Take the 2-minute tour ×
Stack Overflow is a question and answer site for professional and enthusiast programmers. It's 100% free, no registration required.

I have read here 3 approaches towards implementing POCO with entity framework namely

  1. Create edmx model and turn off code generation so the model will not create heavy entities for you. Then you will create your POCO classes which have to follow some restrictions.
  2. You can use the POCO template which can be downloaded to VS 2010.
  3. Use Code First approach where you code your POCOs and you define mapping in code. To do this you need EF 4.0 Feature CTP from here.

I was personally going to opt for the second approach as it is quicker but what are the things that I should keep in mind since it derives from ObjectContext I guess it is in a way coupled? I know the third approach gives the most flexibility but is it worth it ? Please share your thoughts regarding this..Thanks!

share|improve this question
Is it possible to use CTP in a shared hosting enviroment, if I have no control over what's installed on the host machine? I think this is important to consider. –  kahoon Jan 25 '11 at 22:40
add comment

2 Answers

up vote 2 down vote accepted

That link you have provided for "POCO Template" is broken - but i assume you mean this:


This template can (and should) be used in conjuction with Option 1 you have stated.

That's what i use in my current application:

1 - Create EDMX Model

2 - Turn off code gen

3 - Use POCO Generator to generate POCO classes

The POCO's do not derive from anything - they are pure POCO's.

share|improve this answer
What do you think about the third option ? Is it worth it ? Also the poco classes context generated derives from ObjectContext do you think that is an issue or a drawback? –  Vishal Jan 26 '11 at 15:56
I haven't used code first so i can't comment on it. Personally i prefer seeing the model (EDMX). The POCO classes do not derive from ObjectContext. This only happens when you use default code generation - they are not POCO's. –  RPM1984 Jan 26 '11 at 20:55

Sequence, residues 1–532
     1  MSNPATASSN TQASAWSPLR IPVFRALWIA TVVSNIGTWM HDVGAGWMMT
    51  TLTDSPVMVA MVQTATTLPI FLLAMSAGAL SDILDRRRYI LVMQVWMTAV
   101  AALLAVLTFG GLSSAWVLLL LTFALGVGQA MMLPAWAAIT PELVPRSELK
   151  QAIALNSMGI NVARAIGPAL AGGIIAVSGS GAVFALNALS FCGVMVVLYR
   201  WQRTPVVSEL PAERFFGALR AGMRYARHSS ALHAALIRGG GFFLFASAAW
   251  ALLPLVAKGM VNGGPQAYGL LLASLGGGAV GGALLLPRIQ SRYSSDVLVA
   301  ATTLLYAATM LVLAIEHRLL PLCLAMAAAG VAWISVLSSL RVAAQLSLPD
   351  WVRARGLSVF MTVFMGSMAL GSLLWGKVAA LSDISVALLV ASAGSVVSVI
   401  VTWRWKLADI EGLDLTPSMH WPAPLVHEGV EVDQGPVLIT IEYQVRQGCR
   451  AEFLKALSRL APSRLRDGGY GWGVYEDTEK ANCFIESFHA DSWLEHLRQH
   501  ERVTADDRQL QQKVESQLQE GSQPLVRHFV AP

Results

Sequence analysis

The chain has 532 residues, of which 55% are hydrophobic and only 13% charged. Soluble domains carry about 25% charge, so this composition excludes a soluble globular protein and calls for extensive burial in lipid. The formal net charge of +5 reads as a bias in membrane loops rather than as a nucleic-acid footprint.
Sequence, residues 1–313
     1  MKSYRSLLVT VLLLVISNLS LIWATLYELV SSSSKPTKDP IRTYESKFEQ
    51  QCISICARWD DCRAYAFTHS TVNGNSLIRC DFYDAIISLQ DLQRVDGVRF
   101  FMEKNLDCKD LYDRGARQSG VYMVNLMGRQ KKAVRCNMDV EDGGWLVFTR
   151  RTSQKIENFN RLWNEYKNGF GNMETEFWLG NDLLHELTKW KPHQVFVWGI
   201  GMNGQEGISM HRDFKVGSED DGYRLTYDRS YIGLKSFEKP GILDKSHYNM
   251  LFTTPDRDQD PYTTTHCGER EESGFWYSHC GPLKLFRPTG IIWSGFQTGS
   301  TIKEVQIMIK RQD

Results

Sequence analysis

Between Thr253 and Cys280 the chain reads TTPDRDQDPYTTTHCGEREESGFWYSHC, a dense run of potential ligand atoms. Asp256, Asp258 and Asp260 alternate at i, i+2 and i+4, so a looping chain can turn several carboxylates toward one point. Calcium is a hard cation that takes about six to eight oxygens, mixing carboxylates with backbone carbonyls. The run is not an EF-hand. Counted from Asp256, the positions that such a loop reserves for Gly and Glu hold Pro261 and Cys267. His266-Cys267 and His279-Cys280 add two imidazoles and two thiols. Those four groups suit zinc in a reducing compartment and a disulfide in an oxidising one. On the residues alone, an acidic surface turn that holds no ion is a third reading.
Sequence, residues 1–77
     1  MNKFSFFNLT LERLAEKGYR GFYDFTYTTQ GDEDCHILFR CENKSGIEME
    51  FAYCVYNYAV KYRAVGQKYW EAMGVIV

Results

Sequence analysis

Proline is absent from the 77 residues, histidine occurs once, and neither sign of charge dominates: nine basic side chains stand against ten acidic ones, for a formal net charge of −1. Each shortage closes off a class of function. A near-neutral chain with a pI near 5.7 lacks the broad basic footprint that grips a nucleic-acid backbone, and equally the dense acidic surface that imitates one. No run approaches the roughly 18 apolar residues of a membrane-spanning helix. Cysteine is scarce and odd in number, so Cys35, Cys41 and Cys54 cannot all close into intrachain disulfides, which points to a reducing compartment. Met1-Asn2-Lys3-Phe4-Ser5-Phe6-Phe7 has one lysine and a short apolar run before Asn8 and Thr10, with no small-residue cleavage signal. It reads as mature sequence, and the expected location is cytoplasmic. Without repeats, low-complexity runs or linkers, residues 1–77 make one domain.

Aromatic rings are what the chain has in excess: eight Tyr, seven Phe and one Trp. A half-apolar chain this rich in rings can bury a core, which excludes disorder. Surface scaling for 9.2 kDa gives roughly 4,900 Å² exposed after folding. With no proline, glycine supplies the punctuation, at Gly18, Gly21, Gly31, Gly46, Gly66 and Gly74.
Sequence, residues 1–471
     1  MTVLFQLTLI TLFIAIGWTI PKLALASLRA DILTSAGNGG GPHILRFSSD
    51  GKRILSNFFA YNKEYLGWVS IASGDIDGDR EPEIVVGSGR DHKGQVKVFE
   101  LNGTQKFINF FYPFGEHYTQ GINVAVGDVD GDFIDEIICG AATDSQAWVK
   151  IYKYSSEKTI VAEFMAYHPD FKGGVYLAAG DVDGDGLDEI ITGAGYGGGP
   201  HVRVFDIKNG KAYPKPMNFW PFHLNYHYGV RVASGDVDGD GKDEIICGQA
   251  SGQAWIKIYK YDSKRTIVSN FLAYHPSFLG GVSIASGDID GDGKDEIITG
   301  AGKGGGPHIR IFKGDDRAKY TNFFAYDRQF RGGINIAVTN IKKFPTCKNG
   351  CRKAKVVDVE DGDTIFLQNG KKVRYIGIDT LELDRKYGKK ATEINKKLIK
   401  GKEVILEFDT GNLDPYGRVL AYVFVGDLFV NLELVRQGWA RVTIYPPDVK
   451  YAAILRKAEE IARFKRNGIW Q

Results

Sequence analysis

@Misnomer: First of all you don't need to use derived context. You can use ObjectContext directly. Even with CTP you will have class derived from DbContext so I don't see any drawback there. If you don't want to expose these types to your upper layers then check Unit of work and Repositories patterns or define interface on derived ObjectContext and use any IoC container to inject implementation. –  Ladislav Mrnka Feb 8 '11 at 9:40
add comment

I found these two links to be invaluable when setting up my model/poco classes. Poco generation and Poco options. As mentioned above it is a good idea (certainly if using the repository pattern) to turn off code generation in the edmx and create both a derived ObjectContext class and your Poco classes via the two T4 templates provided by Microsoft.

If you use the T4 templates without making any changes to them then you will get a set of Poco classes with the "Change Tracking Proxies with Fixup" option enabled in the generated code.

share|improve this answer
add comment

Your Answer


By posting your answer, you agree to the privacy policy and terms of service.

Not the answer you're looking for? Browse other questions tagged or ask your own question.